Qatar Airways has taken delivery of its first A380 superjumbo, following a three-month delay, during which it wrangled with Airbus over cabin fittings. Airbus has also been trying to fix an issue with seals around the doors of the jet. Qatar will be the first customer for the Airbus A350 and Airbus says it will deliver the first plane by the end of the year.

     
  4.  
    UNEMPLOYMENT 10:46:
    A  general view of a Jobcentre Plus in Glasgow.

    The ONS data also shows the claimant count - the number of people claiming Jobseeker's Allowance - has fallen below 1 million for the first time since September 2008. It now stands at 966,500.

     
  5.  
    'SICK' FRANCE 10:36:
    Emmanuel Macron

    "France is sick," the country's new economy minister Emmanuel Macron has told French radio. He said France has no choice but to "reform the economy". Unemployment is currently at a record 10% and there's been no growth for two quarters. Meanwhile the government budget deficit is expanding. The Business live page wishes Mr Macron good luck.

     
  6.  
    UNEMPLOYMENT 10:14:
    Iain Duncan Smith

    Work and Pensions Secretary Iain Duncan Smith tells the BBC News Channel that pay in the financial services industry is distorting current average wage growth statistics. He says pay rises in the manufacturing industry are up 2% year on year. He also points out that food prices are coming down and inflation generally is falling.

     
  7.  
    Via Twitter Andrew Sentance, former member of Monetary Policy Committee

    tweets: "UK unemployment rate at 6.2% & still falling sharply. At current rate of decline it'll be <5% next summer - pushing up pay & inflation."

     
  8.  
    WAGE GROWTH 09:58:
    Hand and coins

    The ONS data shows average pay was 0.6% higher in the three months to July, compared to a year earlier. That's an improvement on the previous figure which showed a 0.2% decline. Pay excluding bonuses also rose slightly by 0.7%, the previous figures was 0.6%. Pay rises are still running well below the rate of inflation. On Tuesday data showed consumer price inflation running at 1.5% in August.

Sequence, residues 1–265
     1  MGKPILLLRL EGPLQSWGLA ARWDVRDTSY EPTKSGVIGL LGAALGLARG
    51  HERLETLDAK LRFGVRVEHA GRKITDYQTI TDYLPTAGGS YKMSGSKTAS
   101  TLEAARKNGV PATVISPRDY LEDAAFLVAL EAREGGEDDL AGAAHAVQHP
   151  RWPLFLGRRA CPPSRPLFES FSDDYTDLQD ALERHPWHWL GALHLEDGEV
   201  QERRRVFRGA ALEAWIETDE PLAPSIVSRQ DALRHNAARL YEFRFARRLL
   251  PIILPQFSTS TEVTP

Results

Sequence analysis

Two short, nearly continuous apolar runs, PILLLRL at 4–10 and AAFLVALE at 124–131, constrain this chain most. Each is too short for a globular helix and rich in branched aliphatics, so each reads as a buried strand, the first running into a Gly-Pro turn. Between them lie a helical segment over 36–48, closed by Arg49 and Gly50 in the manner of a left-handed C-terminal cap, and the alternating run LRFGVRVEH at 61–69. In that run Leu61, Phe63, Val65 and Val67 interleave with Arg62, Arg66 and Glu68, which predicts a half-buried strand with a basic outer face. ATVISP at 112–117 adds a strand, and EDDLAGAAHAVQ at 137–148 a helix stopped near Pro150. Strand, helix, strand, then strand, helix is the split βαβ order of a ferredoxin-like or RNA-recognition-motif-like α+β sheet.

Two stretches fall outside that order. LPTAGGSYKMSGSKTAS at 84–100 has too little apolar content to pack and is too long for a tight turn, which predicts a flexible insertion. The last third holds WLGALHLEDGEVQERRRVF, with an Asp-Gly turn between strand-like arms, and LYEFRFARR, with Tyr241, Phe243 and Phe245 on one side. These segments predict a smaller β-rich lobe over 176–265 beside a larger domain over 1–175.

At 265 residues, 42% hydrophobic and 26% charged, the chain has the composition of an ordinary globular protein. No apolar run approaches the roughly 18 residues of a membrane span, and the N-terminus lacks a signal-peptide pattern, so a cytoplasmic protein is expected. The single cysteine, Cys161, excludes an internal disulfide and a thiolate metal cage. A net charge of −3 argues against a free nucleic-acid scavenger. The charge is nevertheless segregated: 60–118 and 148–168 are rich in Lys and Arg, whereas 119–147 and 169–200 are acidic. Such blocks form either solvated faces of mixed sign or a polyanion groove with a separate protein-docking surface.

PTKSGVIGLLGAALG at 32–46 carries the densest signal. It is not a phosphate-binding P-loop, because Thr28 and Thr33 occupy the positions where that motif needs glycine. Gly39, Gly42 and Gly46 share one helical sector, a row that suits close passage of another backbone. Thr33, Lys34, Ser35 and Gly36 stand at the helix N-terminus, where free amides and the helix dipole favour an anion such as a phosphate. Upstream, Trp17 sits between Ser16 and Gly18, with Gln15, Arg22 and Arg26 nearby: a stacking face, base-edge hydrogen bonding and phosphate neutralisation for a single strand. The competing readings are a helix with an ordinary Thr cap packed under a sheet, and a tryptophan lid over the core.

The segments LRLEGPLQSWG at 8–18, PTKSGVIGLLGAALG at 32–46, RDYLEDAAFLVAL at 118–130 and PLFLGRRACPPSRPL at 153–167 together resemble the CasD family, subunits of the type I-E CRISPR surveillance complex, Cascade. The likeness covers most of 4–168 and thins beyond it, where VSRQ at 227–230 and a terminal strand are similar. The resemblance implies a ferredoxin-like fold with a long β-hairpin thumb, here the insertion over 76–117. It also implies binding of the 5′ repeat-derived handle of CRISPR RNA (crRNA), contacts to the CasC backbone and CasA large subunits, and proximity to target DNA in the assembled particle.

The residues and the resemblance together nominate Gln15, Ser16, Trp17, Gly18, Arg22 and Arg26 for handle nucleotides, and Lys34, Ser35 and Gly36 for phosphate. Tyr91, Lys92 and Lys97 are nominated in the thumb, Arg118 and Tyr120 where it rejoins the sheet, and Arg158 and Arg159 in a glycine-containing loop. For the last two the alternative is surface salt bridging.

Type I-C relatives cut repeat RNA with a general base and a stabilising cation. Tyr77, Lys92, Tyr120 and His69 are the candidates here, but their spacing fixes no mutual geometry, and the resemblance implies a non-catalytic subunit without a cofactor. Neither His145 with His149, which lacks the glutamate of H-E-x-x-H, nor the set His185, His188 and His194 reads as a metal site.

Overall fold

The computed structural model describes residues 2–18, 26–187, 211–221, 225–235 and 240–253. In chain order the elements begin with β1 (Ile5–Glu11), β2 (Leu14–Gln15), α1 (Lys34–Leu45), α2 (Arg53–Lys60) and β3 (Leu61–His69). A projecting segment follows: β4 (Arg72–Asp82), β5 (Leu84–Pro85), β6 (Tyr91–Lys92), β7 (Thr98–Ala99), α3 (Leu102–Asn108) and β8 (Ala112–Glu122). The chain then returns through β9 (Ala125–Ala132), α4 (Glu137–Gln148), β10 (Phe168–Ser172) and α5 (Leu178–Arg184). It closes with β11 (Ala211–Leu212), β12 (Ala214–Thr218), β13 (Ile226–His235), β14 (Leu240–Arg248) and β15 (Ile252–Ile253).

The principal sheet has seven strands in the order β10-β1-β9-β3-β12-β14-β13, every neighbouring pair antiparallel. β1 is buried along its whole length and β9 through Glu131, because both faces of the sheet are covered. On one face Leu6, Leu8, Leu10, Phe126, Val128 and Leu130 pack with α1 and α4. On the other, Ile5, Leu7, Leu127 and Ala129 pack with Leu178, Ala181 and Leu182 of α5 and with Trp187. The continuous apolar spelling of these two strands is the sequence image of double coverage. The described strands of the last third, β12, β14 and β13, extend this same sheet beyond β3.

9.  
    INTEREST RATES 09:35:

    There was no change in voting patterns at the Bank of England's Monetary Policy Committee at September's meeting. Two members voted in favour of raising interest rates to 0.75%.

     
  10.  
    UNEMPLOYMENT 09:32: Breaking News

    The unemployment total fell by 146,000 to 2.02 million in the three months to the end of July, official figures show. The Office for National Statistic said the unemployment rate for the period was 6.2%, down from the previous level of 6.4%.

     
  11.  
    EUROPEAN CAR SALES 09:27:
    The new body of the Volkswagen Passat

    Car sales across Europe rose for the 12th month in a row industry figures show today. They were 1.8% higher at 701,118 in August, from 688,464 a year-earlier the Association of European Carmakers (ACEA) says. Volkswagen, Ford and Opel all benefited from improved demand in Spain, Portugal and Ireland. But car sales in Germany - Europe's largest car market - were 0.4% lower.

     
  12.  
    INTEREST RATES 09:20:

    At 09:30 the Bank of England publishes minutes from the interest rate policy meeting in September. In August's meeting two members of nine-strong monetary policy committee voted to raise interest rates. Will others have joined them in September? Watch this space.

     
  13.  
    Via Twitter Kevin Peachey Personal finance reporter, BBC News

    tweets: "Hold music among biggest consumer service irritations says @WhichUK survey - any views on the most annoying?"

     
  14.  
    TECH SHARES ARE UP 09:04:
    imagination technologies